There are loads of articles out there about “questions to ask your financial advisor,” and those are really helpful. However, sometimes the tough questions are the ones that are the most important to get answered before you hire someone. Unfortunately, not everyone knows the right questions to ask. This can lead to some big mistakes.
Several years ago I ran into someone who had hired a financial advisor at a big bank. They had asked lots of questions about qualifications, the safety of the custodian, types of investments etc.
Unfortunately, the client didn’t ask was what brand of products the bank would invest their money in. The bank put all of their money into proprietary products owned and managed by the bank. A couple years later, the client wondered why his performance was lacking and realized that the bank hadn’t picked what they thought was best or even investments with the best track record, but rather what would make the bank the most profit.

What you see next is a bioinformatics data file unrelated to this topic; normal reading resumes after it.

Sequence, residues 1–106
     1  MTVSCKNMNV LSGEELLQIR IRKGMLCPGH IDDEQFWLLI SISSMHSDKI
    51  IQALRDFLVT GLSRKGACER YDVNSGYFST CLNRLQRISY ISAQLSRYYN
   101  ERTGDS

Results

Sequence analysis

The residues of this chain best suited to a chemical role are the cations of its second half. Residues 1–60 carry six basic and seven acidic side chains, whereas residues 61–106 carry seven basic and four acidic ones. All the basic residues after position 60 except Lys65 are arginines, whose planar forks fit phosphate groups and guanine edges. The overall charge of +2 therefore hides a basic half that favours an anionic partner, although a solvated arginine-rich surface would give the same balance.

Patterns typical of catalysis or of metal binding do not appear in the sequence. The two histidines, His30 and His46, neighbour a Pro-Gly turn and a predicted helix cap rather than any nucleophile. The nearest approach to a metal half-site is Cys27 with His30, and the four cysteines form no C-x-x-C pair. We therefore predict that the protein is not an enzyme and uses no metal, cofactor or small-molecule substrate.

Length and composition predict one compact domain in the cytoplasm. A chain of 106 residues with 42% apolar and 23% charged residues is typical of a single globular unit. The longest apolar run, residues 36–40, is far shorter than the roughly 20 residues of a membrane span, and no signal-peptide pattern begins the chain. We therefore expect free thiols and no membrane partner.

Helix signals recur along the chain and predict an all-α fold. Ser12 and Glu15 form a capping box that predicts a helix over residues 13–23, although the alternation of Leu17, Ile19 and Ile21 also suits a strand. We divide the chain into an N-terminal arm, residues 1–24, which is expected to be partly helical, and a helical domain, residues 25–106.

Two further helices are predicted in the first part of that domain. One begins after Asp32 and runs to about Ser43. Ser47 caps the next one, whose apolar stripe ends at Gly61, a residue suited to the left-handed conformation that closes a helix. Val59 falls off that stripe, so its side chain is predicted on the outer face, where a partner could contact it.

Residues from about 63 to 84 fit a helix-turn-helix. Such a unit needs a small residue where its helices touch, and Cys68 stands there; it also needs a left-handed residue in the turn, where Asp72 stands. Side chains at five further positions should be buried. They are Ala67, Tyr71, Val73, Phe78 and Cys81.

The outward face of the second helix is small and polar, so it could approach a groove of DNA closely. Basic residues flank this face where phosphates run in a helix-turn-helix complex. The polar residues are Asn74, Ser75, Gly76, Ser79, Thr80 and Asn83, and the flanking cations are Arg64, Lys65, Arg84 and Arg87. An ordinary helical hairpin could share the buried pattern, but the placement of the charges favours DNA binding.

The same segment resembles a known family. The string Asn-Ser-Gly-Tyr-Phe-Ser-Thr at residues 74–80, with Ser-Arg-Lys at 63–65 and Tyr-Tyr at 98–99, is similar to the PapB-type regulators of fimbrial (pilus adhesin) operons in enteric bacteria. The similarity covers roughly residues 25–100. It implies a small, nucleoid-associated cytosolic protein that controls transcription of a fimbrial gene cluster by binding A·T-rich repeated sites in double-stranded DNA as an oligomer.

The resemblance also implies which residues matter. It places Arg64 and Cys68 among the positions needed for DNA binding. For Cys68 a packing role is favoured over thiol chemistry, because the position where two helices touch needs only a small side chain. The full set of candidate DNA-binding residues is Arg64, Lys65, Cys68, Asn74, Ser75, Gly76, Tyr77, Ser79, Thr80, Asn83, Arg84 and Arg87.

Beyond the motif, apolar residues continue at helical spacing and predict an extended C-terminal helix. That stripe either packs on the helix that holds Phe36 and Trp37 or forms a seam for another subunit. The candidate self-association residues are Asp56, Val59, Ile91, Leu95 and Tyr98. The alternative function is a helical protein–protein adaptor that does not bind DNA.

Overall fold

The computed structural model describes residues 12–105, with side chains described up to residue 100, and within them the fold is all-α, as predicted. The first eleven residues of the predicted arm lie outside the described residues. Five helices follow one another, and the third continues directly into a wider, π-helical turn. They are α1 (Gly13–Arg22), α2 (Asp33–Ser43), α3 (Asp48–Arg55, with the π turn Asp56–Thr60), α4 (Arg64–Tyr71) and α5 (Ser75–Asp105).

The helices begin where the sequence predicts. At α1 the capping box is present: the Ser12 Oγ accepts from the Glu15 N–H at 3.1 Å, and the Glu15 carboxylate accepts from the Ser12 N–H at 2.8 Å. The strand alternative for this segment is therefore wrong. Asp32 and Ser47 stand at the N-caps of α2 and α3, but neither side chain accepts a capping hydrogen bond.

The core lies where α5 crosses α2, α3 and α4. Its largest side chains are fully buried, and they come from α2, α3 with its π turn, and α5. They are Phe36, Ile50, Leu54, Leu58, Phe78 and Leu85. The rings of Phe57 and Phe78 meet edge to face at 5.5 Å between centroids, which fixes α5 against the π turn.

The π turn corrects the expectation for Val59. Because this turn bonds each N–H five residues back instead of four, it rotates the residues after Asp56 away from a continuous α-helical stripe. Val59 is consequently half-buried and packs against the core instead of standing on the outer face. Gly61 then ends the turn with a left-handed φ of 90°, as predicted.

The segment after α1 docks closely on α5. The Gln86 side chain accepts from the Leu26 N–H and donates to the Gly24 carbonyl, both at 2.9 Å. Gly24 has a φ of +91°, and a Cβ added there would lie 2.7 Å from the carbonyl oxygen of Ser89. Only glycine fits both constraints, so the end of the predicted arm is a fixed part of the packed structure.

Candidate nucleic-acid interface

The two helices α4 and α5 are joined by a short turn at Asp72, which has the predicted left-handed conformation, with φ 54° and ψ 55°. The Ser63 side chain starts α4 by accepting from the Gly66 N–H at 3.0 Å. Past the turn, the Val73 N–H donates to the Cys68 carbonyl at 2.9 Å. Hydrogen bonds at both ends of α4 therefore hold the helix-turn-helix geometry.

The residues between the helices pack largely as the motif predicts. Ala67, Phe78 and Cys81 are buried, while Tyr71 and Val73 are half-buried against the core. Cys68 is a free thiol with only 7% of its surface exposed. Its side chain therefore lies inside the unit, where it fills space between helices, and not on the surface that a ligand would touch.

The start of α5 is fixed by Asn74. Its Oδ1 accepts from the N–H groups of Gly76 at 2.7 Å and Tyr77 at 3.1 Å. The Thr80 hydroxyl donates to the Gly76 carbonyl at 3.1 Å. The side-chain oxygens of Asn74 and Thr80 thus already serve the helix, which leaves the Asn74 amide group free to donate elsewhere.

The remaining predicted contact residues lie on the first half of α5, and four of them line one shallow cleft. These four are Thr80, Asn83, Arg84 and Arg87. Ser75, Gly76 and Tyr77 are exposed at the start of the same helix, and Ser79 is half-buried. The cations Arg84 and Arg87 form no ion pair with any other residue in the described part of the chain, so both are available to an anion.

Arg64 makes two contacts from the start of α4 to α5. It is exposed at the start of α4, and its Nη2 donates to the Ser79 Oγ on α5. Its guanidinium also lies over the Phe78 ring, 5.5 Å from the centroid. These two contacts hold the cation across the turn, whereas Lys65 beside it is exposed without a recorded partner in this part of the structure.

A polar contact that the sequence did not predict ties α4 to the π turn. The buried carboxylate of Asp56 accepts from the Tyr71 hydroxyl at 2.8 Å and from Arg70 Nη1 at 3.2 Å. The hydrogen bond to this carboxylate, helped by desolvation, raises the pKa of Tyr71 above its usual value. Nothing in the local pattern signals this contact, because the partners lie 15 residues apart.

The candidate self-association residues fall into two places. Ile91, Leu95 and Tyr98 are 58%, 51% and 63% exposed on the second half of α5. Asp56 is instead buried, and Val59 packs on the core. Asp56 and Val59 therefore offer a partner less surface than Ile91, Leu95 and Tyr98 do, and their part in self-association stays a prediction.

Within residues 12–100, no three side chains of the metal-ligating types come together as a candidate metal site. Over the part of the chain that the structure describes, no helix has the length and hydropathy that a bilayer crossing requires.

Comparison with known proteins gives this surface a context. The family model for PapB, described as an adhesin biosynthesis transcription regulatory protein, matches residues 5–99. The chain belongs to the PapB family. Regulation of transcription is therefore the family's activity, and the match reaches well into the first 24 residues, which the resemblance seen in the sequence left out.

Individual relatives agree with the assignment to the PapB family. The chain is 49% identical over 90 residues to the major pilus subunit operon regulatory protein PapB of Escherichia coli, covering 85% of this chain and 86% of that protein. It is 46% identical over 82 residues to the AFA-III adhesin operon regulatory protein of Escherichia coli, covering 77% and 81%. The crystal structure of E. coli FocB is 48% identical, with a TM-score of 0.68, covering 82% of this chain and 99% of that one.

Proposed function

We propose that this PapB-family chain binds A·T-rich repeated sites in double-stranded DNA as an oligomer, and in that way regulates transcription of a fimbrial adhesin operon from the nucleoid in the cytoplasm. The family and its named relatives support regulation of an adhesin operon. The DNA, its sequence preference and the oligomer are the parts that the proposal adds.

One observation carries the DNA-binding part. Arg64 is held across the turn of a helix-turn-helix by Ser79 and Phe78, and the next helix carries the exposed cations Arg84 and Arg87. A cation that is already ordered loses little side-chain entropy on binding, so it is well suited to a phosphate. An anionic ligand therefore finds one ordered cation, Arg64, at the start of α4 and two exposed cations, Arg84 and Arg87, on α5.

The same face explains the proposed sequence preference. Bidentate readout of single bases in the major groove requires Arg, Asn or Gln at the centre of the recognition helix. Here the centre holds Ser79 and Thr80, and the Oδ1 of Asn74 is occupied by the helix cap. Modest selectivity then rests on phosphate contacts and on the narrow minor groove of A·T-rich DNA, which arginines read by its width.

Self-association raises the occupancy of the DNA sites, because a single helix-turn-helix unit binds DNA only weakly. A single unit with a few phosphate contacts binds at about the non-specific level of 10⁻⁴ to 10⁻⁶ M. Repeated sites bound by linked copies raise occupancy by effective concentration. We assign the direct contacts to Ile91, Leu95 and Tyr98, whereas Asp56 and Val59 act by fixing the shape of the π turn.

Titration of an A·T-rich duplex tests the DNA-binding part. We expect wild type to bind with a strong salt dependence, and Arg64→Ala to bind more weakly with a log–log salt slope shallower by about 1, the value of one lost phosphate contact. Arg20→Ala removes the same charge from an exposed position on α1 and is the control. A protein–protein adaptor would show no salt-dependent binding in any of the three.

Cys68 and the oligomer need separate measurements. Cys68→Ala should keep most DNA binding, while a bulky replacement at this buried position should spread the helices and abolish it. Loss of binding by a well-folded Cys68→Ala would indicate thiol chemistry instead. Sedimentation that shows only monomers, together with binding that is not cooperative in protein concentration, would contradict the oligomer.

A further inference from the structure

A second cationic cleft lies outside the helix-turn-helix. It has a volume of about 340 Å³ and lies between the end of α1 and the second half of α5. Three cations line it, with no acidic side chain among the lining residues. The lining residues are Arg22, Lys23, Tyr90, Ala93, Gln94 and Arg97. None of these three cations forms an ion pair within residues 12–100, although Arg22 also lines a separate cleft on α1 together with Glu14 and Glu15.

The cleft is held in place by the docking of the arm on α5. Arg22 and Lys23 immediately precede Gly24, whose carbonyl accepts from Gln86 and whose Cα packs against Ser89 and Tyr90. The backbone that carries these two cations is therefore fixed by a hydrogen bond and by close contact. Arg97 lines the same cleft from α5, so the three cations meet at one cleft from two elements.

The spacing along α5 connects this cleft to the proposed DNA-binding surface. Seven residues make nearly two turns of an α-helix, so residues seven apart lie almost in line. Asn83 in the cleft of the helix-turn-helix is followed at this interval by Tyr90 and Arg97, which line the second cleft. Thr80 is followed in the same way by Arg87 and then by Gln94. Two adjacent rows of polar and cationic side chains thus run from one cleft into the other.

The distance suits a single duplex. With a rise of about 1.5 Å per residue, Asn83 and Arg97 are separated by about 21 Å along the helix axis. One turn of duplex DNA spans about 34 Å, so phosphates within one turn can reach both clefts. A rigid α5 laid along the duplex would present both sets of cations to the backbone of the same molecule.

This person’s theory was that you can’t go wrong with a brand name. While this might be true with tires, I would argue that bigger names in the financial advice industry actually have more conflicts of interest than smaller firms which can be bad for the client.
To help you out, here is a list of tough questions you need to ask. I call them tough questions because many financial advisors will squirm when you ask them.
Check out our video as well. In it, we go over some basic and some tough questions you need to ask.
The financial industry is REALLY good at hiding compensation. To me the first question you should ask is,
“How do you get paid?”
Don’t accept a vague answer to this one like, “I’m like a travel agent, If you buy this investment from me or straight from the company, there’s no difference, they just pay me a finder’s fee.”
You need to know whether the advisor gets paid on commission, by fee, or what?
“Do different products pay you differently or more?”
If some of the products pay the advisor more than others, how do you know you’re getting unbiased advice?
“Do you have proprietary products?”